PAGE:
The Second World War (I?)
“I am perhaps the only man who has passed through both the two supreme cataclysms of recorded history in high executive office. Whereas […] in the First World War I filled responsible but subordinate posts, I was in this second struggle with Germany for more than five years the head of His Majesty’s Government. I write therefore from a different standpoint and with more authority than was possible in my earlier books. I do not describe it as history, for that belongs to another generation. But I claim with confidence that it is a contribution to history which will be of service to the future.”
“Let no one look down on those honourable, well-meaning men whose actions are chronicled in these pages without searching his own heart, reviewing his own discharge of public duty, and applying the lessons of the past to his future conduct.”
I am currently reading this book, which is really an abridgement of 6 different volumes written by Churchill. All of the stuff included is Churchill’s own stuff; the only thing that has been done is that some stuff has been left out, and some of the remaining stuff has been rearranged. Which means that you in this book get four books/subsections, rather than six. The titles of these are: Milestones to disaster (1919-May 10, 1940), Alone (May 10, 1940-June 22, 1941), The Grand Alliance (Sunday, December 7, 1941 and onwards), and Triumph and Tragedy (1943-1945). I have by now finished Book 1 (the Milestones to Disaster part), and I’ve read close to 100 pages of Book 2. It’s great stuff, and very detailed. In this post I have included quotes from roughly the first 150 pages of the book’s coverage, all of which belong to the ‘Milestones to disaster’ part.
“When Marshall Foch heard of the signing of the Peace Treaty of Versailles he observed with singular accuracy: “This is not peace. It is an Armistice for twenty years.””
[In the context of the reparations:] “whereas about £1,000 millions of German assets were appropriated by the victorious Powers, more than £1,500 millions were lent a few years later to Germany, principally by the United States and Great Britain […] until 1931 the victors, and particularly the United States, concentrated their efforts upon extorting by vexatious foreign controls their annual reparations from Germany. The fact that these payments were made only from far larger American loans reduced the whole process to the absurd. Nothing was reaped except ill-will. […] History will characterize all these transactions as insane. […] All this is a sad story of complicated idiocy”
“Deliberate extermination of whole populations was contemplated and pursued by both Germany and Russia in the Eastern war.”
“”We are apparently finished and done with economic cycles as we have known them,” said the President of the New York Stock Exchange in September.” [That would be September, 1929. Talk about bad timing… – US]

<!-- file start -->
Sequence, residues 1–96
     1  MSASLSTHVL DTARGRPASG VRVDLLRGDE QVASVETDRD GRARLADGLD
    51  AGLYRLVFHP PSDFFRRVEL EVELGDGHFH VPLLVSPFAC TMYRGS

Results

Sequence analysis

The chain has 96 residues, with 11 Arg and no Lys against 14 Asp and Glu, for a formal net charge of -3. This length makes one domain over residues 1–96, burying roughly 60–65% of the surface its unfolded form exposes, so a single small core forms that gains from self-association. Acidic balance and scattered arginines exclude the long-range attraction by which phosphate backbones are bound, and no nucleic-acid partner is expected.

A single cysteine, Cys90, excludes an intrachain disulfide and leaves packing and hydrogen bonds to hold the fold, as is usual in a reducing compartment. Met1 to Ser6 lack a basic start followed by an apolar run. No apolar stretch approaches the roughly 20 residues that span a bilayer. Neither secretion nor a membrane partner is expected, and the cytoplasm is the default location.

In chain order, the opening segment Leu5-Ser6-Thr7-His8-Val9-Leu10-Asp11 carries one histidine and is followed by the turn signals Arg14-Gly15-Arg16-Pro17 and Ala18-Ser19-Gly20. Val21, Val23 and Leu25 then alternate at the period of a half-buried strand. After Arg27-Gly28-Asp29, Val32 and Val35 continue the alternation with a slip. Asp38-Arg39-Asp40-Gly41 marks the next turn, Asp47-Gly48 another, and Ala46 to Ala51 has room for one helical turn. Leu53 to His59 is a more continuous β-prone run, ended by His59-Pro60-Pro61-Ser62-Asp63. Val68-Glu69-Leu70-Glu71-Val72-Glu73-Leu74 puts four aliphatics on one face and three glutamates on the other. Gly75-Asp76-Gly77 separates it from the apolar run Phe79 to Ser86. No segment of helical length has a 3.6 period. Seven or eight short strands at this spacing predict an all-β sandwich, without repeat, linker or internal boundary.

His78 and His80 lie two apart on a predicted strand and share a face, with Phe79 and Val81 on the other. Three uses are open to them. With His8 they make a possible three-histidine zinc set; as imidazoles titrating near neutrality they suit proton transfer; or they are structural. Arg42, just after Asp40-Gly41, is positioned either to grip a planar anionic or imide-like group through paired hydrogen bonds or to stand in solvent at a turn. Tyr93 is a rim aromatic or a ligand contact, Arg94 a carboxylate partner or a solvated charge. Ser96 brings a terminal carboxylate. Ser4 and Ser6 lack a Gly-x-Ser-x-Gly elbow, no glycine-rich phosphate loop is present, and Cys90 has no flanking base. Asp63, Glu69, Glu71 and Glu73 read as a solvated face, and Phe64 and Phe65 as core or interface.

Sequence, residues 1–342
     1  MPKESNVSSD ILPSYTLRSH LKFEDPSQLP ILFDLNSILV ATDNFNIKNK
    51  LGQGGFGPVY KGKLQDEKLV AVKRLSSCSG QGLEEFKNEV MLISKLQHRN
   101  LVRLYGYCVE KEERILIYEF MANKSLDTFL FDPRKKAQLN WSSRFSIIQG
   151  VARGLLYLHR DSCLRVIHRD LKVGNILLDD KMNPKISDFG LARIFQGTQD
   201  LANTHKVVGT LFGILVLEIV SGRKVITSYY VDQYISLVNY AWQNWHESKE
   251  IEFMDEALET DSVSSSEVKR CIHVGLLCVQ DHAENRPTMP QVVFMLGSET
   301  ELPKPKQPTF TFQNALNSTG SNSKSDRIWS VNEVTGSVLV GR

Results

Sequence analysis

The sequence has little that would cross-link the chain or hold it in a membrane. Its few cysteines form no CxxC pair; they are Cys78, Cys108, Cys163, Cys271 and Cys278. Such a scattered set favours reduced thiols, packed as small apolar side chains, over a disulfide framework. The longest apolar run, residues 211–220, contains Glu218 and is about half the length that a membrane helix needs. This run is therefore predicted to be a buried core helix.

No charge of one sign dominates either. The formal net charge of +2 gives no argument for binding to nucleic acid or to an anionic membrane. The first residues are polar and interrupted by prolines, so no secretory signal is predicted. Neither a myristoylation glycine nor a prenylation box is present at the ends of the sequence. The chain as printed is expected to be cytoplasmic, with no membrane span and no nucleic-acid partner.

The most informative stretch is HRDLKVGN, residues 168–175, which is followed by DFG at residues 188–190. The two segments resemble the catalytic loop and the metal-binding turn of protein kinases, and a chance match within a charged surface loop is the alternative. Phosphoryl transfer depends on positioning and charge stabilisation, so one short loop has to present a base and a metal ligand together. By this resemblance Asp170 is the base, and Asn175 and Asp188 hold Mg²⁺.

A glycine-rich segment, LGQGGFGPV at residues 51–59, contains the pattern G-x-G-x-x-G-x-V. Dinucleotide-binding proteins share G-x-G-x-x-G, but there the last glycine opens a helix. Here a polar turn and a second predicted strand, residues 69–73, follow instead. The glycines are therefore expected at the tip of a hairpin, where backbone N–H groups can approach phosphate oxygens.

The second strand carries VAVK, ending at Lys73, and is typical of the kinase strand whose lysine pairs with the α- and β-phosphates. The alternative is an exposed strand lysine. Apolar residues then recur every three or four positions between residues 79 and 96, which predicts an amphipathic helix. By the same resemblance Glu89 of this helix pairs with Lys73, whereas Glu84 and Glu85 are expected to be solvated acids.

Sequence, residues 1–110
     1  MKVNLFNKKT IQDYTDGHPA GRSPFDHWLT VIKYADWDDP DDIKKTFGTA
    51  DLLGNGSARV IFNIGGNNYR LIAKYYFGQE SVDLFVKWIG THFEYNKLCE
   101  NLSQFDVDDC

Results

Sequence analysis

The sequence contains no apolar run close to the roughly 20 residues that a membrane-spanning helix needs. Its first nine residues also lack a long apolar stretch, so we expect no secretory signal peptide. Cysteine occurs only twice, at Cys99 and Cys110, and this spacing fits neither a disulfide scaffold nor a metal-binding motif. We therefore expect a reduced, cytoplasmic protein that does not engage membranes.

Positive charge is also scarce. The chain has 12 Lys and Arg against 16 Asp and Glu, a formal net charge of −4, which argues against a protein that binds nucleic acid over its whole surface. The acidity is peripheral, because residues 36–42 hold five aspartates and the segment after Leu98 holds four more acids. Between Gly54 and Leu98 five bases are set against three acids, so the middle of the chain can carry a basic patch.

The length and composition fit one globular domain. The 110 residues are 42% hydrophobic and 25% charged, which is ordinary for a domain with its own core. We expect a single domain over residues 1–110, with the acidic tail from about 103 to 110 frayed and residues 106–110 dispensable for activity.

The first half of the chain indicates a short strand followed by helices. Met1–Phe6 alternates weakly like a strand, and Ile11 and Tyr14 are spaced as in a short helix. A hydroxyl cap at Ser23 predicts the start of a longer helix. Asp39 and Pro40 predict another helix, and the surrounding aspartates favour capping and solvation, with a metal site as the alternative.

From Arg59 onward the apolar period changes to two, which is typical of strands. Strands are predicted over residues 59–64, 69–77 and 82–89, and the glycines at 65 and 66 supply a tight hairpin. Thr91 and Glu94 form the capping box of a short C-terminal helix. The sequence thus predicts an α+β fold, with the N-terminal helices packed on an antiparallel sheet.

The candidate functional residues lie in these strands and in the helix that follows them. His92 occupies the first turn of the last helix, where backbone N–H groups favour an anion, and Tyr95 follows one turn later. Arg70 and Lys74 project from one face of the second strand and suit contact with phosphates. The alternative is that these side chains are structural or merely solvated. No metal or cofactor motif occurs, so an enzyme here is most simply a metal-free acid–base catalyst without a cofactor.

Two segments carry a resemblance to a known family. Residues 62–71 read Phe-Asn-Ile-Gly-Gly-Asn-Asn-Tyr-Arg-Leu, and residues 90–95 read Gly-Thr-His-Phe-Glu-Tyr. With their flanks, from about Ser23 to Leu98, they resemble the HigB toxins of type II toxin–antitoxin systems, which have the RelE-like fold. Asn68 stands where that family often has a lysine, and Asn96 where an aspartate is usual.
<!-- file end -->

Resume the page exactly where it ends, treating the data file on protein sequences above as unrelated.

“The opinions of the Press and public were in no way founded upon reality […] delight in smooth-sounding platitudes, refusal to face unpleasant facts, desire for popularity and electoral success irrespective of the vital interests of the State, genuine love of peace and pathetic belief that love can be its sole foundation, obvious lack of intellectual vigour […] marked ignorance […] the utter devotion […] to sentiment apart from reality […]: all these constituted a picture of British fatuity and fecklessness which, though devoid of guile, was not devoid of guilt, and, though free from wickedness or evil design, played a definite part in the unleashing upon the world of horrors and miseries which, even so far as they have unfolded, are already beyond comparison in human experience. […] It is difficult to find a parallel to the unwisdom of the British and weakness of the French Governments, who none the less reflected the opinion of their Parliaments in this disastrous period” [the period in question being the early thirties – US].
“Several visitors of consequence came to me from Germany and poured their hearts out in their bitter distress. Most of these were executed by Hitler during the war.”
“It would be wrong in judging the policy of the British Government not to remember the passionate desire for peace which animated the uninformed, misinformed majority of the British people, and seemed to threaten with political extinction any party or politician who dared to take any other line. This, of course, is no excuse for political leaders who fall short of their duty. It is much better for parties or politicians to be turned out of office than to imperil the life of the nation. […] To be so entirely convinced and vindicated in a matter of life and death to one’s country, and not to be able to make Parliament and the nation heed the warning, or bow to the proof by taking action, was an experience most painful.”
“the number of Germans under regular military training in 1936 was 1,511,000 men. The effective strength of the French Army, apart from reserves, in the same year was 623,000 men, of whom only 407,000 were in France.”